As my nunnish assailant leaned into my window, she noticed I was chewing an apple. I'd had it in my purse and had pounced on it after my own long meeting at the library had left me perishing with hunger. "Oh, that's good," she said. "You're making a great start, eating an apple instead of junk food. Here, let me give you some pamphlets that will show you how to keep up the good work."
I killed her and ate her raw in the parking lot, with A-1.
Not really! But if I had, she'd have had it coming. Not content with accosting a perfect stranger and telling me how to eat, she goes on to patronize me about my god damned apple? Hanging's too good for her! Which sounds mean, but how'd she have felt if I'd come up to her, made her roll her window down and forced fashion pointers on her, on the basis of that ugly-ass dress?
Upon reflection, I realize I've been guilty of more or less the same crime, if not in word or deed, at least in thought. At the grocery store I stand watching people pay for their food, especially the ones who roll around the store on those little golf cart things because they're too fat to walk, and I eye their cartfuls of processed foods with open contempt. So I'm not without sin here though I must say I've never followed them out to the parking lot and made them roll down their freakin' window.
Anyway as a reminder for those tempted to share patronize fat people: Don't!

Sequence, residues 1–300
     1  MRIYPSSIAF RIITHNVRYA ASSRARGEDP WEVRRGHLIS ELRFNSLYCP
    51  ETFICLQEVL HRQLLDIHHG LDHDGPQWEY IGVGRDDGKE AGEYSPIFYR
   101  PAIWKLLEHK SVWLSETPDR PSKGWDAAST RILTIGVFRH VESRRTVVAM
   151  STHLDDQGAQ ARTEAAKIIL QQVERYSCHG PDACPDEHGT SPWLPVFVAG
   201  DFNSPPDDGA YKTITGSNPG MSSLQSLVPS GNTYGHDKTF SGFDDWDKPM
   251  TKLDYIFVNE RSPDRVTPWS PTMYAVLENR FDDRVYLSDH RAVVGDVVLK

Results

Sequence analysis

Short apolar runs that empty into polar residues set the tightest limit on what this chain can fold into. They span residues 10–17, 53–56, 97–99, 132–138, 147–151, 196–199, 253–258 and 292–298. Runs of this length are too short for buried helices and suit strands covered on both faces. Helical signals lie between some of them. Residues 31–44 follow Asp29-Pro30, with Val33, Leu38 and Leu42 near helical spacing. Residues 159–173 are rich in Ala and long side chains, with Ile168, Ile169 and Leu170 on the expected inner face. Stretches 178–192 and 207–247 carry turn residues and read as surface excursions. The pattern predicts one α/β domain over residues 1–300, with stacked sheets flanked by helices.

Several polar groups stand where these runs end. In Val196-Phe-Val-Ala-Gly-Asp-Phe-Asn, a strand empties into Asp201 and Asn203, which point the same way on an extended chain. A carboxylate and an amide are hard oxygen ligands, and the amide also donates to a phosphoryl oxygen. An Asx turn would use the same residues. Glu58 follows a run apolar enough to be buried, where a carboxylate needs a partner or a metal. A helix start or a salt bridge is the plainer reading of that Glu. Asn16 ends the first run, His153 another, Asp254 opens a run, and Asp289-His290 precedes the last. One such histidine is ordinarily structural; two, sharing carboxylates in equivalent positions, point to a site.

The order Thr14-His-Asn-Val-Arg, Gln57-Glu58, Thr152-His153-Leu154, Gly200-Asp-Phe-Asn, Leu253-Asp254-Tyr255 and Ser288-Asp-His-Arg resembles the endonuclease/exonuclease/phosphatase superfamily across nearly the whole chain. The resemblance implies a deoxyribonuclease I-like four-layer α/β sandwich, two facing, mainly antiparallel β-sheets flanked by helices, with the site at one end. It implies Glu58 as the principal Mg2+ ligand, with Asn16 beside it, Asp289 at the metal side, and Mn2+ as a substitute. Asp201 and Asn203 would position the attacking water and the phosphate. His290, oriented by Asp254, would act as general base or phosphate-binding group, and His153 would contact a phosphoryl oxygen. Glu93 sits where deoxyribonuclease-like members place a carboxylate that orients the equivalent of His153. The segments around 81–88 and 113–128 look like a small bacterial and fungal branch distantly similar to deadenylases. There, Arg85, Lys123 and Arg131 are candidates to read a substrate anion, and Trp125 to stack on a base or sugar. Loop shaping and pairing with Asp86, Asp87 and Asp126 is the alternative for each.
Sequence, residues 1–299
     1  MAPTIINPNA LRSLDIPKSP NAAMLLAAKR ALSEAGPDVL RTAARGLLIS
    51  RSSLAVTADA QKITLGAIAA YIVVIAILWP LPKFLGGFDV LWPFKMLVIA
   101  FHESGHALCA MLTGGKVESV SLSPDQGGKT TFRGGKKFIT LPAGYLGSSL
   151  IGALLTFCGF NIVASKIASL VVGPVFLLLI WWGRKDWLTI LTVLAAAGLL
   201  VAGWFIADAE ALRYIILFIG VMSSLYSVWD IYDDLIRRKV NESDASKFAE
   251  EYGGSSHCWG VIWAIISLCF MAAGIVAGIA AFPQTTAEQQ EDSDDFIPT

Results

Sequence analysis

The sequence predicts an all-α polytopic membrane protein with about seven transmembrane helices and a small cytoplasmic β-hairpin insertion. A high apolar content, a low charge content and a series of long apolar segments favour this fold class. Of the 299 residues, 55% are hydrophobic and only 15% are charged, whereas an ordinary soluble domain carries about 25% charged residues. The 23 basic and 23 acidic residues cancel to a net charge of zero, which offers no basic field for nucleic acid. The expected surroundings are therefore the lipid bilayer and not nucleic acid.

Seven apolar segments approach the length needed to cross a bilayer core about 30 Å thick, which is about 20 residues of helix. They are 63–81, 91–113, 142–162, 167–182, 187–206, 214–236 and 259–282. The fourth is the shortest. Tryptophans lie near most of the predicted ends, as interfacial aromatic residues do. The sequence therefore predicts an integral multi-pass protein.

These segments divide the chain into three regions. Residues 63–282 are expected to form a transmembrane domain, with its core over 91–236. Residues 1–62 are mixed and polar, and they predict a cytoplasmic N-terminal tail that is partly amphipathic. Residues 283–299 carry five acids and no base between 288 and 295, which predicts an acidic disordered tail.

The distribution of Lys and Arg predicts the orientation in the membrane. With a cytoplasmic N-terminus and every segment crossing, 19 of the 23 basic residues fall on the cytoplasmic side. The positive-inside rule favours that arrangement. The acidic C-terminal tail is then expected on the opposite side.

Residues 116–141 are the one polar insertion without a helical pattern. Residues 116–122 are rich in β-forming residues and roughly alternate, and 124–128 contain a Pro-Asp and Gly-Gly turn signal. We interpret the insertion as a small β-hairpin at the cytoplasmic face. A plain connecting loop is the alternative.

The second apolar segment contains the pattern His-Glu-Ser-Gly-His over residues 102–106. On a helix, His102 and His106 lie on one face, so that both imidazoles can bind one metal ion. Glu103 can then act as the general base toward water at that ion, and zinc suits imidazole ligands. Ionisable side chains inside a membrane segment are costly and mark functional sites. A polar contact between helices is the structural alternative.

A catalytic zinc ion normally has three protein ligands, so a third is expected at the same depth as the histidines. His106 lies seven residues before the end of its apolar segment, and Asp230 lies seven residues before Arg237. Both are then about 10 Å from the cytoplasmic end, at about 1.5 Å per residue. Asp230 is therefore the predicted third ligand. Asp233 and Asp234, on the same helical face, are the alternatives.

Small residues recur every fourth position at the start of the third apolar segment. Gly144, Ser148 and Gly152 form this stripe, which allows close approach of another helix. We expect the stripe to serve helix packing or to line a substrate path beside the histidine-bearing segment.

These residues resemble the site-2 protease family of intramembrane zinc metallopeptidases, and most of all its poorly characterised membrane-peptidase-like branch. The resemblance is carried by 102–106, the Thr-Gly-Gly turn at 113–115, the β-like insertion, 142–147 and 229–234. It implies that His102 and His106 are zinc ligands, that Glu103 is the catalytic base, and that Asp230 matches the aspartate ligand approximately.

For one thing, you really can't tell a book by its cover. I was going through a bag of potatoes one day when I had the epiphany there are as many body shapes for people as there are for potatoes. Mine just looks more like a potato than other people's. I think it was designed to plow fields without benefit of mules and instead I keep it working at a desk all the time, and that's why I struggle with my weight. But for Sister Maria's information, I'm an organic gardener whose favorite food is salad and I'm famous for my olive oil-lemon vinaigrette. I've read books and books about nutrition, love to hike and can't go to sleep at night unless I've had enough exercise. I just put on weight when I look at food, that's all.
Meanwhile, once I worked at a place where one of my co-workers was so pitifully thin that I waited patiently for someone to tell me the sad story of her anorexia. Nobody ever did. Instead, she got assigned to give me some sort of training or help me with some project, and while she did that she kept offering me Pop Tarts or marshmallow bars she kept stashed in her desk drawer. She snacked all day long, loved to make elaborate desserts and took long lunch hours when she had a hankering for Swedish meatballs from a place down the road. She just had a good metabolism. Life is unfair!
The other reason you shouldn't patronize fat people is IT'S RUDE!
If you feel the need to improve somebody, why not take a long, hard look at yourself and figure out some way to gild that particular lily? Like maybe learning to MIND YOUR OWN BIDNIZ?
So a reminder: Giving a dieter support, when she is soliciting it, is one thing; patronizing somebody on the grounds that they are fatter than you are is quite another.
And for God's sake don't even think about if they're holding a bottle of A-1!